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Nova Chemicals Corp. (Canada) v. Dow Chemical Co.

United States Court of Appeals, Federal Circuit

May 11, 2017

NOVA CHEMICALS CORPORATION (CANADA), NOVA CHEMICALS INC. (DELAWARE), Plaintiffs-Appellants
v.
DOW CHEMICAL COMPANY, Defendant-Appellee

         Appeal from the United States District Court for the District of Delaware in No. l:13-cv-01601-LPS, Chief Judge Leonard P. Stark.

          Donald Robert Dunner, Finnegan, Henderson, Farabow, Garrett & Dunner, LLP, Washington, DC, argued for plaintiffs-appellants. Also represented by Mark J. Feldstein, Darrell Christopher Karl.

          RAYMOND N. Nimrod, Quinn Emanuel Urquhart & Sullivan, LLP, New York, NY, argued for defendant-appellee. Also represented by William Adams, Cleland B. Welton, II; Harry J. Roper, Aaron A. Barlow, Paul David Margolis, Jenner & Block LLP, Chicago, IL.

          Before Prost, Chief Judge, DYK and HUGHES, Circuit Judges.

          Prost, Chief Judge.

         NOVA Chemicals Corp. (Canada) and NOVA Chemicals Inc. (Delaware) (collectively, "NOVA") appeal the district court's award of approximately $2.5 million in attorney fees to Dow Chemical Co. ("Dow") under 35 U.S.C. § 285. NOVA filed the underlying action in equity, seeking relief from a prior judgment that it had infringed certain Dow patents. The only issue in this appeal is whether the district court abused its discretion in finding this case exceptional for purposes of § 285. Because it did not abuse its discretion, we affirm.

         I. Background

         We provide only a brief summary of the background, which is recounted in more detail in our opinions addressing the merits of the underlying patent litigation. See Dow Chem. Co. v. Nova Chems. Corp. (Canada) ('Dow 7"), 458 F.App'x 910 (Fed. Cir. 2012); see also Dow Chem. Co. v. Nova Chems. Corp. (Canada) ("Dow IF), 803 F.3d 620, 635 (Fed. Cir. 2015), cert, denied, 136 S.Ct. 2452 (2016).

         A

         In 2005, Dow filed an infringement action in the U.S. District Court for the District of Delaware, alleging that NOVA infringed U.S. Patent No. 5, 847, 053 and U.S. Patent No. 6, 111, 023 ("the asserted patents"). NOVA asserted numerous defenses, including arguments that the accused product did not infringe and that Dow lacked standing to sue because it had transferred ownership of the asserted patents. The court held a jury trial, followed by a bench trial on standing. The district court ultimately held that Dow had standing to sue and entered judgment against NOVA for over $61 million in damages ("the 2010 judgment"). J.A. 442; see also Dow Chem. Co. v. Nova Chems. Corp. (Canada), 726 F.Supp.2d 459 (D. Del. 2010); Dow Chem. Co. v. Nova Chems. Corp. (Canada), No. 05-737-JJF, 2010 WL 3070189 (D. Del. July 30, 2010); Dow Chem. Co. v. Nova Chems. Corp. (Canada), No. 05-737-JJF, 2010 WL 3056617 (D. Del. July 30, 2010). We affirmed that judgment on appeal. Dow I, 458 F.App'x at 921.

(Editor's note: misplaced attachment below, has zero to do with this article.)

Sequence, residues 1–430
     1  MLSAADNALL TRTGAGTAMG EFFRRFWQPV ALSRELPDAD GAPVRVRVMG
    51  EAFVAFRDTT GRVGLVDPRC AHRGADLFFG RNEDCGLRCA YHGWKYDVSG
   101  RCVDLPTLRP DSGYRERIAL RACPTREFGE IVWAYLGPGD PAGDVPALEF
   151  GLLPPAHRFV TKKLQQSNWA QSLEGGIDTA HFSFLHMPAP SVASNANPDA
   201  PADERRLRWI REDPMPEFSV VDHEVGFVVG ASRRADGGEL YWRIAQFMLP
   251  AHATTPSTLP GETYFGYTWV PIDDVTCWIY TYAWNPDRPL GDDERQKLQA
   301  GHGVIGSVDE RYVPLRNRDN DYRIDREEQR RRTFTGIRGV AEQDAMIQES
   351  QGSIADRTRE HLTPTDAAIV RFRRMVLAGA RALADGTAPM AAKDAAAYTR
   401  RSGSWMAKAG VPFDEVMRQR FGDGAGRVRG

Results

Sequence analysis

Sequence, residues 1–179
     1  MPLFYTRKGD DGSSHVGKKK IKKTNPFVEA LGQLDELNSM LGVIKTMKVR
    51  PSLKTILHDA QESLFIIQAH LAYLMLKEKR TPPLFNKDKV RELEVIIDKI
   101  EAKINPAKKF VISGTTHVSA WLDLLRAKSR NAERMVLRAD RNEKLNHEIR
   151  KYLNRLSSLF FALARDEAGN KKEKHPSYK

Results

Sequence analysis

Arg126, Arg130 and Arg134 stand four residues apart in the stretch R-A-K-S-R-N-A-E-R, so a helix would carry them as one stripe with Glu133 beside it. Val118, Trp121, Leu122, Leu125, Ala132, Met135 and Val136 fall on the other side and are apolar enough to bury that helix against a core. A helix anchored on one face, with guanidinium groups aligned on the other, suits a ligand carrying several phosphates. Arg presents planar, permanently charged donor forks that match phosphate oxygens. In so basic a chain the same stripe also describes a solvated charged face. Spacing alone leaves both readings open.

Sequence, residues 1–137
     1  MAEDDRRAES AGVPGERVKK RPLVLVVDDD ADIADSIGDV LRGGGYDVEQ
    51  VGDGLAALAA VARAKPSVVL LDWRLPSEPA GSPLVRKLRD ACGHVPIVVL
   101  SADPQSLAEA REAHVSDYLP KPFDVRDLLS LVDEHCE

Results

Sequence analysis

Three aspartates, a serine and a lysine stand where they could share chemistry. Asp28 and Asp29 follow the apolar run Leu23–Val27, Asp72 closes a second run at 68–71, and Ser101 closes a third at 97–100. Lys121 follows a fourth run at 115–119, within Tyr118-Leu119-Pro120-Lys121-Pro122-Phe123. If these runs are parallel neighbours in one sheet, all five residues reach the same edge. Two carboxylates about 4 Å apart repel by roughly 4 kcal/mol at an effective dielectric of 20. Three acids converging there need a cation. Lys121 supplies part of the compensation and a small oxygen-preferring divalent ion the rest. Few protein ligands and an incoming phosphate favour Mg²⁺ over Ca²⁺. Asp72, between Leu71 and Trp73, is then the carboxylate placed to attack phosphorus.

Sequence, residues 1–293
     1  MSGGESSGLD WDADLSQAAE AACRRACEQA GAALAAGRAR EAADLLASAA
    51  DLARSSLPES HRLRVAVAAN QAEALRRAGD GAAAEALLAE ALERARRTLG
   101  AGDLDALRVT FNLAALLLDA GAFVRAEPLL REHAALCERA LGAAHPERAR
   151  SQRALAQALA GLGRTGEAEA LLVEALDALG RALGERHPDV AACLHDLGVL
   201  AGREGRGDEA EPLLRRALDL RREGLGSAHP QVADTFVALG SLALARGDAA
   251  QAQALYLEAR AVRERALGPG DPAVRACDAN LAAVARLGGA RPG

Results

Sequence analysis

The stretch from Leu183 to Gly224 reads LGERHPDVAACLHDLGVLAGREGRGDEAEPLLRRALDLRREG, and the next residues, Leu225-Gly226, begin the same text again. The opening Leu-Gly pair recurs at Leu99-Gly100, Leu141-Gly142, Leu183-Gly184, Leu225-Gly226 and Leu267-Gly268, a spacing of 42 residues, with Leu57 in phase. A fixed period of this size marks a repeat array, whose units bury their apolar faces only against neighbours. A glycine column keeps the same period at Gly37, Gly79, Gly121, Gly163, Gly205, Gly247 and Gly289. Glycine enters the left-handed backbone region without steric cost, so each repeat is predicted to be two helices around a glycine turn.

In a separate appeal from the district court's subsequent award of supplemental damages, we held the asserted patent claims to be invalid as indefinite under the Supreme Court's intervening indefiniteness standard in Nautilus, Inc. v. Biosig Instruments, Inc., 134 S.Ct. 2120 (2014). Dow II, 803 F.3d at 635. Our decision in Dow II did not disturb the 2010 judgment relating to pre-verdict infringement. The district court had entered final judgment pursuant to Federal Rule of Civil Procedure 54(b), which NOVA had already paid at the time of the second appeal.

         During the supplemental-dam ages phase of the infringement action, NOVA became aware of evidence allegedly showing that Dow and its counsel had committed fraud on the court in the course of obtaining the 2010 judgment. By then, however, NOVA was time-barred from filing a motion under Federal Rule of Civil Procedure 60(b)(3) to set aside that judgment for fraud, misrepresentation, or misconduct. See Fed. R. Civ. P. 60(c)(1) (setting a one-year time bar). Accordingly, in September 2013, NOVA filed a separate action in equity against Dow ("the equity action") for relief from the 2010 judgment.

         In its amended complaint, NOVA alleged two frauds on the court. First, NOVA asserted with respect to standing that Dow and its counsel had misrepresented Dow's ownership of the asserted patents. NOVA based this allegation on the testimony of a former Dow tax department employee, Edward Valenzuela, in an unrelated Louisiana tax case ("the Louisiana action"). Mr. Valen-zuela testified in that case: "I think [around the end of 2001] all of Dow's patents were contributed to an intangible holding company." J.A. 22554.

         Second, NOVA alleged that Dow's counsel knew or should have known of a "scheme to mislead the jury" with respect to infringement. J.A. 21055, 21081, 21087, 21089 (capitalization omitted). In particular, NOVA contended that Dow's expert, Dr. Joao Soares, had provided conflicting testimony about testing on the ...


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